The Human Cost of Wildlife Conservation in India
“I HAVE NO INCOME,” he says.
He displays no emotion. He could have been telling me the time of day.
Ananth Bhyaa is our guide in the Sundarbans. The mangrove trees and the rivers that empty into the sea on the border between India and Bangladesh make this place the largest delta and estuarine forest in the world, and the largest tiger reserve in India — it’s famous as a home of the man-eating Bengal tiger.
I can’t let it pass. “But it’s not dangerous?” And illegal, I think.
“Yes, it’s dangerous, but if I go into the restricted areas of the forest where I can get pure honey, then I can sell it and make some money. If I don’t go into the forest, or if I wait until the forest people allow, my children will not have food.”
I nod. I’d heard that the Forest Department had marked certain areas of the Bengal tiger reserve as restricted. This is to protect the endangered animal…and to protect the villagers from being attacked. Each year, the department allows access so that villagers can collect honey. Armed escorts accompany them, keeping watch while they enter the tiger habitat to smoke bees from their combs.
If you stop to talk to a local on any of the inhabited islands in the delta, they’ll surely tell you about how a tiger has killed or mauled a relative or friend. Ironically, their livelihoods are dependent on tourists like my friend Preeti and I who take the ferry from the mainland each year with hopes of sighting one.
Ananth Bhyaa, although not much of a conversationalist, is a very agile boatman. With ease he walks the narrow outer edge of the dinghy, guiding it between the islets that are formed by the criss-crossing of rivers. Most of the islands we pass are uninhabited due to the impenetrable mangrove trees. There’s a silence around us as hundreds of islets are reborn with the receding tide.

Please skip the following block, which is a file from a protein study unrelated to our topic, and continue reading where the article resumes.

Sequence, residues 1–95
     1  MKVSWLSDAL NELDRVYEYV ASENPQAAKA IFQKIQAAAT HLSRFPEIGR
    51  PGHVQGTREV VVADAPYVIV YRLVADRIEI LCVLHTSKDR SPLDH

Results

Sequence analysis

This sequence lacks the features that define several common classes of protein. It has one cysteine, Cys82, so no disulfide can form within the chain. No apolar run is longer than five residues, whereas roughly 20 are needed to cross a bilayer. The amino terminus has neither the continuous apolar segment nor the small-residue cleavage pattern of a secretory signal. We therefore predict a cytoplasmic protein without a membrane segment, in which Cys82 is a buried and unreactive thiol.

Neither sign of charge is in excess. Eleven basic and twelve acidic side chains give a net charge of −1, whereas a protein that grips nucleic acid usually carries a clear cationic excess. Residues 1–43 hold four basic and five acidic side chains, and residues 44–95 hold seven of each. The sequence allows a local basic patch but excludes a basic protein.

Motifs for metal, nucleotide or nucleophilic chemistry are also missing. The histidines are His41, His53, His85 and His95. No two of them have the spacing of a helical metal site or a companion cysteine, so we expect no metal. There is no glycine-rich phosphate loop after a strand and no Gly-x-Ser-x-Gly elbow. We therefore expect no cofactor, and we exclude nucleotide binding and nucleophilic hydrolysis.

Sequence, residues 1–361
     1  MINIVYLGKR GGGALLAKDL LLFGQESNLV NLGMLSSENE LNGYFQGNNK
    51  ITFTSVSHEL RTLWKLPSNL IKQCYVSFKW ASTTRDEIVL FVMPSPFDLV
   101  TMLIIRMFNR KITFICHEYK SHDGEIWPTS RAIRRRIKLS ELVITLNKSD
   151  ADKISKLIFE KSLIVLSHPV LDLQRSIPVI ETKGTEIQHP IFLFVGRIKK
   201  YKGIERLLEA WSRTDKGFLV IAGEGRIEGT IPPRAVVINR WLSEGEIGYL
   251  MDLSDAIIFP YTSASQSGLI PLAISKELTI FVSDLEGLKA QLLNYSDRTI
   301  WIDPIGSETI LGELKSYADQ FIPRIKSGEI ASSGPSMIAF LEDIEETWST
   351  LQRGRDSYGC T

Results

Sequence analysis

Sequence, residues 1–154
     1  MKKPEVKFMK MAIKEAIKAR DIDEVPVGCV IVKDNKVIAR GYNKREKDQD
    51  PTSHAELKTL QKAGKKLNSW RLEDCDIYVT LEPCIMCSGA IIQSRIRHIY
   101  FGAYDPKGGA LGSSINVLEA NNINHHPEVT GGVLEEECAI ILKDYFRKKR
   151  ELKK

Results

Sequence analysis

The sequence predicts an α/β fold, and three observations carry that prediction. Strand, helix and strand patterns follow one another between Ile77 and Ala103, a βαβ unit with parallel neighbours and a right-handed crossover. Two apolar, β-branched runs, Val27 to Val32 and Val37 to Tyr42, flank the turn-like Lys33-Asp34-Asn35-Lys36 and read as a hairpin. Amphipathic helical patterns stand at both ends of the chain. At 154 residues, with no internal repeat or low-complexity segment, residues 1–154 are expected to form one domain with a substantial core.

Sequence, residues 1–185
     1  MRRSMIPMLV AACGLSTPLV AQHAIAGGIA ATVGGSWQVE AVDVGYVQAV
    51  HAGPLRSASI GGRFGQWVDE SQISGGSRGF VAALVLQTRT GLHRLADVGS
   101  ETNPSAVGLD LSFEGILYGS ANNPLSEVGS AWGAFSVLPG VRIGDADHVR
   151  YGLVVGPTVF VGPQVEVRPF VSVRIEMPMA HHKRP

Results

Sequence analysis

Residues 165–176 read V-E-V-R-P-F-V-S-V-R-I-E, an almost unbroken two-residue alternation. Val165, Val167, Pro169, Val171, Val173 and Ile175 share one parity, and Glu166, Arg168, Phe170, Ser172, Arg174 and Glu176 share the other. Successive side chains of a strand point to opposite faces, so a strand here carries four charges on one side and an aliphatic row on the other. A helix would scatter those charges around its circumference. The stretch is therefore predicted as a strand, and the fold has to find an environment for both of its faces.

He gracefully dips his hand into the water and pulls out two hermit crabs. He holds them in front of us. Amused at our shrieks, he laughs. His thin frame doesn’t move; only his large mustache betrays his action.
We pass by a meander in the river, where a man is pulling in a fishing net. On seeing us, he quickly retreats within the thick mangroves.
“Is he fishing illegally?” Preeti asks the obvious.
Our guide doesn’t answer. Instead, he calls out in Bengali. The man hesitantly steps out from the shadows of the trees.
“The forest people say do not fish here, do not fish there. But there are no fish where they allow us to fish,” Ananth Bhyaa mutters.
In the last couple of days, I’ve had many conversations about the issues facing the Sundarbans people and their land. One of the most controversial focuses on the prawn farms. On one hand, prawn aquaculture has improved the finances of many villagers. There’s minimum investment (the prawns are grown in small rectangular patches of land, dug out and flooded with water) and high return (thanks to high demand).
But the naturalists argue the prawn farms have destroyed the native aquatic life of the reserve. The prawns are harvested in big nets, which invariably catch the eggs of other fish. Since separating the eggs from the prawns means more time and less money, both are shipped to the mainland together. Aquatic life is decreasing at an alarming rate.